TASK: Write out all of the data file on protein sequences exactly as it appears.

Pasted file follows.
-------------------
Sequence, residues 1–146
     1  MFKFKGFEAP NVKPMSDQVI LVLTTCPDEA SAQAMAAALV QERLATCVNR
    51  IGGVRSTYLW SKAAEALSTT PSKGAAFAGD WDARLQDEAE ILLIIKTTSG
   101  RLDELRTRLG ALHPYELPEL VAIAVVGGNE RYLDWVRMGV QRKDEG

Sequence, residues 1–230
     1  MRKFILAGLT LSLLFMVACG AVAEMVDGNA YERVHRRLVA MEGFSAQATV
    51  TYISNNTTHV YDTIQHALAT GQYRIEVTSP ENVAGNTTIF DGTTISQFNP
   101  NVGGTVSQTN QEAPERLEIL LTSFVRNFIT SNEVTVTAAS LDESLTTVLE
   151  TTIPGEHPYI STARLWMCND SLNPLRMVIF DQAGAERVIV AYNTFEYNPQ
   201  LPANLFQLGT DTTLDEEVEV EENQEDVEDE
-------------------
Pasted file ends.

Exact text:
Sequence, residues 1–146
     1  MFKFKGFEAP NVKPMSDQVI LVLTTCPDEA SAQAMAAALV QERLATCVNR
    51  IGGVRSTYLW SKAAEALSTT PSKGAAFAGD WDARLQDEAE ILLIIKTTSG
   101  RLDELRTRLG ALHPYELPEL VAIAVVGGNE RYLDWVRMGV QRKDEG

Sequence, residues 1–230
     1  MRKFILAGLT LSLLFMVACG AVAEMVDGNA YERVHRRLVA MEGFSAQATV
    51  TYISNNTTHV YDTIQHALAT GQYRIEVTSP ENVAGNTTIF DGTTISQFNP
   101  NVGGTVSQTN QEAPERLEIL LTSFVRNFIT SNEVTVTAAS LDESLTTVLE
   151  TTIPGEHPYI STARLWMCND SLNPLRMVIF DQAGAERVIV AYNTFEYNPQ
   201  LPANLFQLGT DTTLDEEVEV EENQEDVEDE